1 teaspoon baking soda
1/4 teaspoon baking powder
1/4 teaspoon salt
1 1/2 cups sugar
10 tablespoons unsalted butter, at room temperature
1 large egg
3 1/2 cups powdered sugar
1/2 tablespoon granulated sugar
1/2 teaspoon vanilla extract
1/2 cup shortening
3 tablespoons hot water
Set two racks in the middle of the oven. Preheat to 375 degrees.
In a food processor, or bowl of an electric mixer, thoroughly mix all dry ingredients for the cookies. On low speed, or while pulsing the processor, add butter and then the egg.
Continue mixing until dough comes together in a mass. It will be a very stiff, very dry dough; this is what it’s supposed to look like.
Take rounded teaspoons of batter and place on a parchment paper-lined baking sheet approximately 2 inches apart. With moistened hands, slightly flatten the dough. Bake for 9 minutes, rotating once for even baking.
The cookies will look puffy; that’s OK. Set baking sheets on a rack to cool and thump them slightly to make the cookies “deflate” or press them down with the back of a spoon.
To make filling: Combine all ingredients in a bowl. Form the filling into balls about 1/2 to 3/4 inch in diameter.
Place a filling ball in the center of the flat side of a cooled cookie and press with another cookie, flat side down, until the filling spreads to the edge.
” recipezaar.com and More Top Secret Recipes, Todd Wilbur
Nutritional information per serving: 173 cal., 7 g fat (4 g sat), 17 mg chol., 26 g carb., 1 g pro., 1 g fiber, 131 mg sodium
1 2/3 cups flour
1/2 teaspoon baking powder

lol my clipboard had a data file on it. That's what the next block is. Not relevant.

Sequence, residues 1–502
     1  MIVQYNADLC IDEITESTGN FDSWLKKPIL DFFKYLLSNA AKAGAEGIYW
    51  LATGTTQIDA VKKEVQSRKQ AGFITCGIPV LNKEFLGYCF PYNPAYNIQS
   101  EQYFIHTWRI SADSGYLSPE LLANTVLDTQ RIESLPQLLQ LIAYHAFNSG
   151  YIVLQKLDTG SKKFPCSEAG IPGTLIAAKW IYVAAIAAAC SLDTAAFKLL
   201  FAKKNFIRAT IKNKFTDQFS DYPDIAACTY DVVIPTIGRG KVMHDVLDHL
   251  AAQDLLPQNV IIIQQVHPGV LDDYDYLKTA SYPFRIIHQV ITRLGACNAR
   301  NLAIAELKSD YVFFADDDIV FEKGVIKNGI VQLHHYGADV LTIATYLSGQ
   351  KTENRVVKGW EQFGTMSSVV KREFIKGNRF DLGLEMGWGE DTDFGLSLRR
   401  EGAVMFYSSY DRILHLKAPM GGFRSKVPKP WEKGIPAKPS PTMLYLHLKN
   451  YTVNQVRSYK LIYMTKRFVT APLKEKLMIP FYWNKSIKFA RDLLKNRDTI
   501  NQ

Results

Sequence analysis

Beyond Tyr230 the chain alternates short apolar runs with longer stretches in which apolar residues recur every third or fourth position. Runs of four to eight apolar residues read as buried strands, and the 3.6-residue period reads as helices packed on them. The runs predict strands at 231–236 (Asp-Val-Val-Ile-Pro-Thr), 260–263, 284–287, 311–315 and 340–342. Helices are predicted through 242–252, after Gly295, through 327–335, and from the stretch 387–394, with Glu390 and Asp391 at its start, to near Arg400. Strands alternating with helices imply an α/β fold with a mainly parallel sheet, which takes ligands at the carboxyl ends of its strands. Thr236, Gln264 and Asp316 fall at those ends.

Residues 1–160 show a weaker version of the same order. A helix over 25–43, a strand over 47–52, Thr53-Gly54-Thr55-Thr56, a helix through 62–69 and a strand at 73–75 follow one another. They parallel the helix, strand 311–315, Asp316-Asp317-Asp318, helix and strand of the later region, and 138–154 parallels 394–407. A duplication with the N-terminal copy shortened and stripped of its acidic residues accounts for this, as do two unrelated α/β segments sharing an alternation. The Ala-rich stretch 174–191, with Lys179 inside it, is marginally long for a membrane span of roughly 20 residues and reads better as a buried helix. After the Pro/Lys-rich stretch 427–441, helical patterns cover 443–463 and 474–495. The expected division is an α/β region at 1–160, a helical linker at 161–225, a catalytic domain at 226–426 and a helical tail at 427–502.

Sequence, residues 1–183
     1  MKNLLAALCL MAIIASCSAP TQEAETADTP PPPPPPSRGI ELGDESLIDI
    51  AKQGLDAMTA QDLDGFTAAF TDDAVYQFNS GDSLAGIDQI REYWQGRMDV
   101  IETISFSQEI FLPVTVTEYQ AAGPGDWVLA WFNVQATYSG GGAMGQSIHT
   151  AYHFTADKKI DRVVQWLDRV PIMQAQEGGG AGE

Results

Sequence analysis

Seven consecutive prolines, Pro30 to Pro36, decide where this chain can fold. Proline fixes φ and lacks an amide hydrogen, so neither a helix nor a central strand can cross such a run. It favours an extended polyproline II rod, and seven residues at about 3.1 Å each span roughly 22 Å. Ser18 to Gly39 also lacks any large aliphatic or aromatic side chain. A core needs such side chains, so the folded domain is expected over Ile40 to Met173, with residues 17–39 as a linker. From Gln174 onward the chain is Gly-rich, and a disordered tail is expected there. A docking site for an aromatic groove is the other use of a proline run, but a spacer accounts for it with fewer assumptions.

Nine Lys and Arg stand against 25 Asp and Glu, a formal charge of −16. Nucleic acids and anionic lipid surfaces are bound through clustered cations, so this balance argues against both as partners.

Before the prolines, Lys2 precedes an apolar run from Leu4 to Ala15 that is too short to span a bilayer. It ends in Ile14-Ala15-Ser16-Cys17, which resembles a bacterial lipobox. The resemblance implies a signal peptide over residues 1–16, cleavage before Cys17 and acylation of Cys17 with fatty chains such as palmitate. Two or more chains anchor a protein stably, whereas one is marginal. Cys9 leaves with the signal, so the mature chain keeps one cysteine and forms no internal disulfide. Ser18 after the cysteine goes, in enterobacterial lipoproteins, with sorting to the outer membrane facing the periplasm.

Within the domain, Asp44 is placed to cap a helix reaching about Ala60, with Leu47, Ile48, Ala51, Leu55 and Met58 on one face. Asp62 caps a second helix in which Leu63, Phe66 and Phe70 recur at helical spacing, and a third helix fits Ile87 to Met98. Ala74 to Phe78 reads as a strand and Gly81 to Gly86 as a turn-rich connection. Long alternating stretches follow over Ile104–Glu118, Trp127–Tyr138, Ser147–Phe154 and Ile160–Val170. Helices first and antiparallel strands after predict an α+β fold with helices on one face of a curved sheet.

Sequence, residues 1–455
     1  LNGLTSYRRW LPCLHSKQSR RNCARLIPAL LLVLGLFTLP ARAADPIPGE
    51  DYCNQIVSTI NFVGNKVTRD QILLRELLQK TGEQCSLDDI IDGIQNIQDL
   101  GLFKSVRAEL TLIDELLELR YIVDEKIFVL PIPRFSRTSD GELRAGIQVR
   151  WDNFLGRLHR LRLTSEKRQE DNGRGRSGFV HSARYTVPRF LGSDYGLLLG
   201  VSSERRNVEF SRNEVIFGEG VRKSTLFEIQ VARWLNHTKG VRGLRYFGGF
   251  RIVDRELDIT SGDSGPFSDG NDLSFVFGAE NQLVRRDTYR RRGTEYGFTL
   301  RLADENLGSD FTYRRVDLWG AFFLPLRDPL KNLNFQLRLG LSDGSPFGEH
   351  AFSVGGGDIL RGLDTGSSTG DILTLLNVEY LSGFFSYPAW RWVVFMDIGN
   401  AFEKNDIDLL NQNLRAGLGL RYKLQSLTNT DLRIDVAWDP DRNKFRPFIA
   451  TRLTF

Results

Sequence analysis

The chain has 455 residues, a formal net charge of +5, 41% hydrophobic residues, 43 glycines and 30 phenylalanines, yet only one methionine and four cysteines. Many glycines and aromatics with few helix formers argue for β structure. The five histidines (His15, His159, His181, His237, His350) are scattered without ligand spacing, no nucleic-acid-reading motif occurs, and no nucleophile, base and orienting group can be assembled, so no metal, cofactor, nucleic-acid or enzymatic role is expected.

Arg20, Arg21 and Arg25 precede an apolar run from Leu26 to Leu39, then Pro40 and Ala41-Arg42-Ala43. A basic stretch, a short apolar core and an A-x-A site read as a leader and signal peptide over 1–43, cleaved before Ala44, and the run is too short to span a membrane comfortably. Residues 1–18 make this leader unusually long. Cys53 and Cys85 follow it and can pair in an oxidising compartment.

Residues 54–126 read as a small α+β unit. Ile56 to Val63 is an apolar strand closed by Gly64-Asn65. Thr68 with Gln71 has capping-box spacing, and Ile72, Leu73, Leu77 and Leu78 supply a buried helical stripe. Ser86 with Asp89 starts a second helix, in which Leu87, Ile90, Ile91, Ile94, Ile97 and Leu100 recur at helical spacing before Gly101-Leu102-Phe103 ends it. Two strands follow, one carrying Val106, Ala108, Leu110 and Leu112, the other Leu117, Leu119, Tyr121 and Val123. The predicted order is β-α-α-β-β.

1/4 teaspoon salt
1/2 cup softened unsalted butter
3/4 cup plus 2 tablespoons sugar
1 egg at room temperature, beaten
1 teaspoon vanilla extract
Candy coating or pink and white candy melts
Sift together flour, baking powder and salt in a bowl and set aside.
In stand mixer, cream together the butter and sugar on medium speed for several minutes until light and fluffy.
On low speed, gradually add the egg and vanilla and mix until well combined.
Add the flour mixture gradually. Mix until fully incorporated and the dough is smooth.
Divide dough into 2 pieces and flatten into 1/2-inch thick discs. Wrap dough and refrigerate for 2 hours.
When you are ready to bake the cookies, preheat oven to 325 degrees. Grease several cookie sheets or line them with parchment paper.
Place dough on a lightly floured surface and dust with more flour.
Gently roll the dough 1/8 inch thick.
Using a cookie cutter, cut out cookies and place on sheets about 1 inch apart.
Bake for 14 to 16 minutes, rotating sheets halfway through, until edges are golden brown.
Transfer cookies to wire racks with a metal spatula to cool completely.
Once cookies are cooled, melt the candy coating.
Ice the cookies, finishing with colored sprinkles.
Makes 3 dozen cookies.
Nutritional information per serving (without candy coating): 45 cal., 3 g fat (2 g sat), 13 mg chol., 4 g carb., 1 g pro., 0 g fiber, 89 mg sodium
1/2 cup sugar
1/2 cup butter, softened
1 tablespoon milk
1 teaspoon vanilla
1 1/4 cups plus 2 tablespoons flour
1 teaspoon cream of tartar
1/2 teaspoon baking soda
1/4 teaspoon salt
Ganache, for filling
In a large bowl, beat sugar and 1/2 cup butter until light and fluffy. Add milk, vanilla and egg; blend well. Stir in flour, cream of tartar, baking soda and salt; mix well.
Cover with plastic wrap; refrigerate 3 hours or until firm.
Heat oven to 425 degrees. Using cloth-covered rolling pin and well-floured pastry cloth, roll out 1/3 of dough at a time to 1/8-inch thickness. Keep remaining dough refrigerated.
Cut with floured 1 1/2-inch round cookie cutter. Sprinkle tops with sugar. Place 1 inch apart on ungreased cookie sheets.
Bake at 425 degrees for 3 to 5 minutes or until edges are light brown. Immediately remove from cookie sheets; cool completely.
In small bowl, combine all filling ingredients, adding enough liqueur for desired frosting consistency.
Spread 1 teaspoon filling between 2 cooled cookies.
Yields 2 dozen sandwich cookies.